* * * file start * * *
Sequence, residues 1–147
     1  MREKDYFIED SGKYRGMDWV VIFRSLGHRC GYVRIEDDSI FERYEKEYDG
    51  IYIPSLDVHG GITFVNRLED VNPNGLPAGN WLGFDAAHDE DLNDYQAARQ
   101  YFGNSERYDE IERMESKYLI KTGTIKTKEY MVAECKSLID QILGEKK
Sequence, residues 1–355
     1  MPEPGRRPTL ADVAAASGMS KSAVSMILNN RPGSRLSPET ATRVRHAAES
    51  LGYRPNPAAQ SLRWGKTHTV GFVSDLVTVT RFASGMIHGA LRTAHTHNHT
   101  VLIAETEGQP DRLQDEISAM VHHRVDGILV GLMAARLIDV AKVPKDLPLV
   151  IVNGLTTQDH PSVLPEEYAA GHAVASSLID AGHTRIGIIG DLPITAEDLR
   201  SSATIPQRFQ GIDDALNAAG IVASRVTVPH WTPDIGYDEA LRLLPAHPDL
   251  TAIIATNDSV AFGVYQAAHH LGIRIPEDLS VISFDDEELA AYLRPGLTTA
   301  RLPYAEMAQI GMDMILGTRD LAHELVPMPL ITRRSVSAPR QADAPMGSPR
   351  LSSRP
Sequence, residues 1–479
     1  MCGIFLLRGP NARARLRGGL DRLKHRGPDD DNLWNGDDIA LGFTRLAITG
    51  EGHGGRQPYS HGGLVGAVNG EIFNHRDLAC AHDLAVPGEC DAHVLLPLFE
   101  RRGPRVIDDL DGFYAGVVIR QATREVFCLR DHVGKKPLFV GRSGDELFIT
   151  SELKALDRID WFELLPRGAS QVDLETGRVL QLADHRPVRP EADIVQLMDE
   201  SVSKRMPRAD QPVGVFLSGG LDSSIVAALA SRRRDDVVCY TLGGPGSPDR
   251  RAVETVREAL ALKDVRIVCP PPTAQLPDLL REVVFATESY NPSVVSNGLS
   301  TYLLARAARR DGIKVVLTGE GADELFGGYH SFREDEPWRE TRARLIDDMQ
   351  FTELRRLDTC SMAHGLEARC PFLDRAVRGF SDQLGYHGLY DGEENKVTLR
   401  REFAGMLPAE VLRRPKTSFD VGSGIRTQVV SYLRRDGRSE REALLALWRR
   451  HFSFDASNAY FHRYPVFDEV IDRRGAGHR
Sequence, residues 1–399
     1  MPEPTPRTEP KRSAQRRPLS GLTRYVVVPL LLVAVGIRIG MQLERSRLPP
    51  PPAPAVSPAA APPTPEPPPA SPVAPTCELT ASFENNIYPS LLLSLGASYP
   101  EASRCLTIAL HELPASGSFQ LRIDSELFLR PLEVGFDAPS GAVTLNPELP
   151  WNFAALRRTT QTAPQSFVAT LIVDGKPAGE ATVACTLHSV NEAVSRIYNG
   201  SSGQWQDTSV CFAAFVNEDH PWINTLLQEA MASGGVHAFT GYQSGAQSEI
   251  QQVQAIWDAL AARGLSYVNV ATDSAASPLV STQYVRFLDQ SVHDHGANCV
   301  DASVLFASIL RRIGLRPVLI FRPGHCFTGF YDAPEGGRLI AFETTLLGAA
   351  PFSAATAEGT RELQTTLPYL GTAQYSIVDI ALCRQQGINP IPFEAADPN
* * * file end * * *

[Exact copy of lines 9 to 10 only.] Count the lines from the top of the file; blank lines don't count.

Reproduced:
   151  IVNGLTTQDH PSVLPEEYAA GHAVASSLID AGHTRIGIIG DLPITAEDLR
   201  SSATIPQRFQ GIDDALNAAG IVASRVTVPH WTPDIGYDEA LRLLPAHPDL